There is a last part of the puzzle. The consumer himself. All this regulation has lead to the same thinking helmets for motorcycles did. The idea was to make it safer for riders when they dawned a helmet. What happened was the creation of false security that lead to faster riders willing to take even larger risks.  


Regulators learned from that. And what they learned is that an informed public will circumvent regulation as fast as regulation can be whipped up. SO......it's best to keep the public ignorant of the facts and truth and let the laws of nature, physics and math teach these bad children the hard way. Funny stuff that. That as well is backfiring. 


So now ask the other BUT WHAT IF question.


Common now. 


What if you use your noggin for something besides a toupee rest. Regulation has done what regulation will do and the OEM's try to enforce this with 'threats' of warranty denial if you don't smile and thank them for picking your pocket. 


What if you do what you can that prevents them from such action and enhancing your likelihood of success? 


Now I wonder what that could possibly be? 



Edited by Grumpy Bear
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Now I wonder what that could possibly be? 



A viscosity flow curve comparing Newtonian and non-Newtonian behaviour



When Viscosity Modifiers are added to a Newtonian base oil it then exhibits Non-Newtonian behaviour. It looses viscosity. Increase it's temperature and it looses MORE viscosity. Add those two together..........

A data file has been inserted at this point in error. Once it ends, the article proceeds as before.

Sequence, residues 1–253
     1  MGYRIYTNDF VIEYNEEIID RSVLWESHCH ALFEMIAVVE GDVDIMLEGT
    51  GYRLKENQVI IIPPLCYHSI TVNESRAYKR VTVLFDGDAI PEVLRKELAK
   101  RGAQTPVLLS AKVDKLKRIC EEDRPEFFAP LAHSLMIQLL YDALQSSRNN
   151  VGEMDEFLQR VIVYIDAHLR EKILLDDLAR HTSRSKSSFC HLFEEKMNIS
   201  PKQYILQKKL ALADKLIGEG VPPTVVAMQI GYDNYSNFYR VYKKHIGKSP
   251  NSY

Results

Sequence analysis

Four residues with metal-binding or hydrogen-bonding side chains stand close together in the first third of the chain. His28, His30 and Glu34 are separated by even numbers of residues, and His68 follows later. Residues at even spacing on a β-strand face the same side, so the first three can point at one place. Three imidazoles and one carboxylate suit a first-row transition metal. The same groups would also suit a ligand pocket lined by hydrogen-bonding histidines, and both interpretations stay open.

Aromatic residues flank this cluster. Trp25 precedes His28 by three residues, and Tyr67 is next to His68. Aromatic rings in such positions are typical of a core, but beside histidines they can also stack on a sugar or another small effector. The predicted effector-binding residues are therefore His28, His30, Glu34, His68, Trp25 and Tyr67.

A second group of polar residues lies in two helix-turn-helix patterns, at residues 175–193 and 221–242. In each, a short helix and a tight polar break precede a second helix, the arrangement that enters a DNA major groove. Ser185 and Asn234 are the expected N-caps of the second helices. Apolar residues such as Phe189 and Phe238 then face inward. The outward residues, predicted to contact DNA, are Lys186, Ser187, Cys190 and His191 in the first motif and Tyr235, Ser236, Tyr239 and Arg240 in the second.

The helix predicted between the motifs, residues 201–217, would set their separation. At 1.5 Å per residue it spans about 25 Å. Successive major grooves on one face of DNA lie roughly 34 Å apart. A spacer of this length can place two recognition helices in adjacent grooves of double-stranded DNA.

There is no fuel saving below 2.7 HTHS...there is only increased wear




So your oil call out is a 0W20? Your OEM is installing a water thermostat of 207F?

You like to drive like there is a fire to go to and you are loaded to put it out?


Motor Oil Basics: Oil Viscosity Grades - Select Synthetics - AMSOIL  Authorized Dealer


*W20 oils made conventionally, that is with VM's, have a minimum HTHS viscosity of? 2.6 cP. Most will suffer some shear thinning of a permanent nature and there is an  SAE minimum spec for that as well (hard to find)  but when you are already in the bottle below the point where wear is accelerating....get the drift? 


All of this is published!!


So lets back up an minute and see what can be done. You have options. 


1.) You can ignore your OEM's 0W20 rating and use a *W30 and suffer a small fuel economy loss.

2.) Research and find a 0W20 with an HTHS viscosity well above the SAE minimum

(let us know when you find one)  




3.) You can use an oil that does not use ANY viscosity modifier!

And has an HTHS of a W30 or better!



Can you name a few that meet this specification?


You will not find one that is blending synthetic mineral oils even if blended with PAO's. 








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Million Mile Motors

The Peckish Snyapse



Last two post in the "Peckish" thread in "Off Topic" I posted several links to articles and videos on motors in the million mile club and said at the end of the first I would later post some thoughts on this collection of works. Let' R rip! Note here: I'm not talking about commercial diesel motors period so put that away. 


Let start with some basic logic.


1.) If any one oil was the Holy Grail of oils then the number of million mile motors for that oil would be as common as sand on a beach. Truth is, it's hard to find more than ONE; for any give oil you have to look deep and hard.